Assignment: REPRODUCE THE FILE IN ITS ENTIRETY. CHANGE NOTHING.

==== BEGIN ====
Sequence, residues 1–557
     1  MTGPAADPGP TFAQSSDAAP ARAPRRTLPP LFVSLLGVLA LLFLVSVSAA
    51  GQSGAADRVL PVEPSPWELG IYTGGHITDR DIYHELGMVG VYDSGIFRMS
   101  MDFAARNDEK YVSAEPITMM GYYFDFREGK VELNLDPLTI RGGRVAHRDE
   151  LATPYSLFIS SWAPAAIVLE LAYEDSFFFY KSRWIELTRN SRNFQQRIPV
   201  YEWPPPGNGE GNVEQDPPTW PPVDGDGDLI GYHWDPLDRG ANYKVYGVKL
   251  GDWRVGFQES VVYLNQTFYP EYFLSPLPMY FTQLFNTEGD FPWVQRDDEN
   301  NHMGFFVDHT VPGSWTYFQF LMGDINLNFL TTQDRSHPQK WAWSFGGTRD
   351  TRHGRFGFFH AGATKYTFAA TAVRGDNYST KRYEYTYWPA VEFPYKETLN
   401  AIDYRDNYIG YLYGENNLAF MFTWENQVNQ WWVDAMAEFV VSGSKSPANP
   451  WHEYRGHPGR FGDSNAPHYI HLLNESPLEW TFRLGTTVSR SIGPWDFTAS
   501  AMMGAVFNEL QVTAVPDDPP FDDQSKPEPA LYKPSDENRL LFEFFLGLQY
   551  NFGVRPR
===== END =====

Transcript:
Sequence, residues 1–557
     1  MTGPAADPGP TFAQSSDAAP ARAPRRTLPP LFVSLLGVLA LLFLVSVSAA
    51  GQSGAADRVL PVEPSPWELG IYTGGHITDR DIYHELGMVG VYDSGIFRMS
   101  MDFAARNDEK YVSAEPITMM GYYFDFREGK VELNLDPLTI RGGRVAHRDE
   151  LATPYSLFIS SWAPAAIVLE LAYEDSFFFY KSRWIELTRN SRNFQQRIPV
   201  YEWPPPGNGE GNVEQDPPTW PPVDGDGDLI GYHWDPLDRG ANYKVYGVKL
   251  GDWRVGFQES VVYLNQTFYP EYFLSPLPMY FTQLFNTEGD FPWVQRDDEN
   301  NHMGFFVDHT VPGSWTYFQF LMGDINLNFL TTQDRSHPQK WAWSFGGTRD
   351  TRHGRFGFFH AGATKYTFAA TAVRGDNYST KRYEYTYWPA VEFPYKETLN
   401  AIDYRDNYIG YLYGENNLAF MFTWENQVNQ WWVDAMAEFV VSGSKSPANP
   451  WHEYRGHPGR FGDSNAPHYI HLLNESPLEW TFRLGTTVSR SIGPWDFTAS
   501  AMMGAVFNEL QVTAVPDDPP FDDQSKPEPA LYKPSDENRL LFEFFLGLQY
   551  NFGVRPR